Perhaps all governments these days eventually do it, but one of the things that I’ve come to dislike most about our current government is the way they and their acolytes simply make stuff up. I could, I suppose, understand them not actually doing anything much. After all, they didn’t promise to do anything much.
But the endless spin, and stuff that is just made up, sickens me. Apart from anything else, I try to bring up my kids heeding the biblical injunction to honour those in authority over us. I don’t read that as suggesting people won’t disagree with those who hold office, but there is something quite sick about the political process – and perhaps about a society that tolerates this stuff – when so often one reads comments from senior ministers or the Prime Minister to which one can only explain to kids interested in such things that “they are just making it up”. We should expect much better than that.
I’ve written before about the current and former Prime Ministers’ dismissal of housing or conjestion problems as “quality problems” or “signs of success“. And there are the repeated claims that New Zealand’s economy is doing better than almost any other advanced country – a suggestion ably challenged in an article by journalist Graham Adams yesterday. But today, since it is the day Murray McCully leaves ministerial office after a very long period in ministerial roles in two governments. I wanted to focus on an unfounded claim in a recent speech to the New Zealand Institute of International Affairs by the outgoing Minister of Foreign Affairs.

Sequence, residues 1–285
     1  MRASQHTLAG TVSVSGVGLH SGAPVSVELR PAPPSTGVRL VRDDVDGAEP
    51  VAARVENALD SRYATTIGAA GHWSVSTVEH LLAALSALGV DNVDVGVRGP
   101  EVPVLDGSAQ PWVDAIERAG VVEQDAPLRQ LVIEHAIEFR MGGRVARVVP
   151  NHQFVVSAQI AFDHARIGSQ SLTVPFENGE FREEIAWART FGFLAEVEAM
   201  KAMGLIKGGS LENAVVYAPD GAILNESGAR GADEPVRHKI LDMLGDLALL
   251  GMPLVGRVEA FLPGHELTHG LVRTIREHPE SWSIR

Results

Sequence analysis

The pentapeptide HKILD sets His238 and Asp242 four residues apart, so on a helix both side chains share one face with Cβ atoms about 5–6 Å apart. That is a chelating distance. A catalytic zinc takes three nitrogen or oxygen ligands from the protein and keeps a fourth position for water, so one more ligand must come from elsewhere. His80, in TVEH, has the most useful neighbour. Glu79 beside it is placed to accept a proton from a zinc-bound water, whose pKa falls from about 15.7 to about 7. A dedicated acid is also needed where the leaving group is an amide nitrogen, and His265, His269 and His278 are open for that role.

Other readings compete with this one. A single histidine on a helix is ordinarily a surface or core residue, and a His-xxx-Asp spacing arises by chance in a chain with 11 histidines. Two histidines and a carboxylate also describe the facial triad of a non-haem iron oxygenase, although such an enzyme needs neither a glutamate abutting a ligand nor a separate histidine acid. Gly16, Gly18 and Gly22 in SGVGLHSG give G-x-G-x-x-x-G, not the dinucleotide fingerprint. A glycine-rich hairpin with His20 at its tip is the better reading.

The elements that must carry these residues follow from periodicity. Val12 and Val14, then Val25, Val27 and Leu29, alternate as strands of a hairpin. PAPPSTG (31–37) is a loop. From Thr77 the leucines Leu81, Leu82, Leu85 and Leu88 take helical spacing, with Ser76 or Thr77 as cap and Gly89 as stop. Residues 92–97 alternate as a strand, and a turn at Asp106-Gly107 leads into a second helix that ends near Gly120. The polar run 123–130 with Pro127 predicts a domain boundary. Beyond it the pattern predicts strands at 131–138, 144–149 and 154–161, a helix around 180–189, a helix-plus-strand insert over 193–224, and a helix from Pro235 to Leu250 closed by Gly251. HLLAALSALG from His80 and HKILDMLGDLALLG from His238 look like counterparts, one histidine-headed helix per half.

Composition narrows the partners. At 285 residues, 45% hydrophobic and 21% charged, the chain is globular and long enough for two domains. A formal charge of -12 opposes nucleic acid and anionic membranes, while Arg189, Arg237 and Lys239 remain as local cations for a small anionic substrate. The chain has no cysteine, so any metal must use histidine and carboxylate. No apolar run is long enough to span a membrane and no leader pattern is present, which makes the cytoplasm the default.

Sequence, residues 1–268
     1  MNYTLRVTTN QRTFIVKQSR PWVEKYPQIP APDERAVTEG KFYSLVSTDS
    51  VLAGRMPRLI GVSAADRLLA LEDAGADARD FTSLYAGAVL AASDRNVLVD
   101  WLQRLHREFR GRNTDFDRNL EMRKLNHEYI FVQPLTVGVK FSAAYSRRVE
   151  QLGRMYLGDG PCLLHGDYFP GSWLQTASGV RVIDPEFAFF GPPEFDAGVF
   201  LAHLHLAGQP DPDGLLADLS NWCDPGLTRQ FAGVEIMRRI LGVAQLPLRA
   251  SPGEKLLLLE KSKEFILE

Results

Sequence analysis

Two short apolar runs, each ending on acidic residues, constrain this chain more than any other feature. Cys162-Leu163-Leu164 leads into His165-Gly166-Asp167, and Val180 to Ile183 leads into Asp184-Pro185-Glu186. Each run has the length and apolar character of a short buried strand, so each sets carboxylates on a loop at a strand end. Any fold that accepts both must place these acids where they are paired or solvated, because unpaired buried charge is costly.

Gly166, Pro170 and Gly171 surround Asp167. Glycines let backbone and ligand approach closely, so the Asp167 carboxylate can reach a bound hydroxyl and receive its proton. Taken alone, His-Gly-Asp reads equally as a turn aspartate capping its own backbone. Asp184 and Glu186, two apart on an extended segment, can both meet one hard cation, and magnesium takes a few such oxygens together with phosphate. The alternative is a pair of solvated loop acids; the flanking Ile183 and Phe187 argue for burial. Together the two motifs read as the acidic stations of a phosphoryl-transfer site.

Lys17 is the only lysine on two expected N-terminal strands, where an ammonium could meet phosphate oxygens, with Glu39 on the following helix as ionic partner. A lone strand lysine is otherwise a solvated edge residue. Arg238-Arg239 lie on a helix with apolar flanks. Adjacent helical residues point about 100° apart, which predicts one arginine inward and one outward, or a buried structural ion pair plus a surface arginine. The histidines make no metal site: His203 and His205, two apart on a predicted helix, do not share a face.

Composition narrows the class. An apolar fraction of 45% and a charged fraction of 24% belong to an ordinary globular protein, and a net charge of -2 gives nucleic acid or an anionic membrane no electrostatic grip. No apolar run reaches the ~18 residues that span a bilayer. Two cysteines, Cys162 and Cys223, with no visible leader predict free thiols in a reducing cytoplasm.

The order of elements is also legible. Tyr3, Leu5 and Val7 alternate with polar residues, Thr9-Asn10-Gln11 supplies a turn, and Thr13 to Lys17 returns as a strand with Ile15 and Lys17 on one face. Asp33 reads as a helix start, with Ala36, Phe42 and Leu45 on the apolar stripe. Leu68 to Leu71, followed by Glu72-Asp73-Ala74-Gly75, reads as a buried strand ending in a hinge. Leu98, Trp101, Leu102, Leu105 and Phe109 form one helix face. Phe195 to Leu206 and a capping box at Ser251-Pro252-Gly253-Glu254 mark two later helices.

He begins with an unexceptionable observation
The key feature of the past decade has been the rise of China, in terms of both our bi-lateral relationship, and as a regional and global power.
Not just of the past decade, but the past several decades.
And, as the Minister notes, there has been a big growth in bilateral trade (goods and services).
In my eight and a half years in this role I have seen our exports to China increase from around $2 billion to nearly $10 billion, and visitor numbers more than quadruple from under 100,000 to over 400,000.
But then he dramatically over-reaches
Had it not been for the dramatic expansion of trade and economic relations with China in the early years of the Key Government, New Zealand would have suffered a long and sustained recession, and all of the associated social challenges that we have seen in some European nations.
There is simply no support for this proposition anywhere in the rest of the speech.
The implication, of course, is that New Zealand has done well over the term of this government. But here is a chart of real GDP per capita for New Zealand and the United States, both normalised to 100 in the December quarter of 2007, just prior to the recession.
The United States, you will recall, was the epicentre of the financial crisis, and had a very nasty fall in house prices. The United States cut interest rates as far as they then thought they could go.
New Zealand, by contrast, had a relatively modest home-grown financial crisis (localised in the non-systemic finance companies), never reached the limits of conventional monetary policy, and had a much stronger fiscal position going into the recession than the US (or most other advanced countries had). Oh, and we the big bonus of a sharp fall in interest rates, as a country that had borrowed heavily from the rest of the world.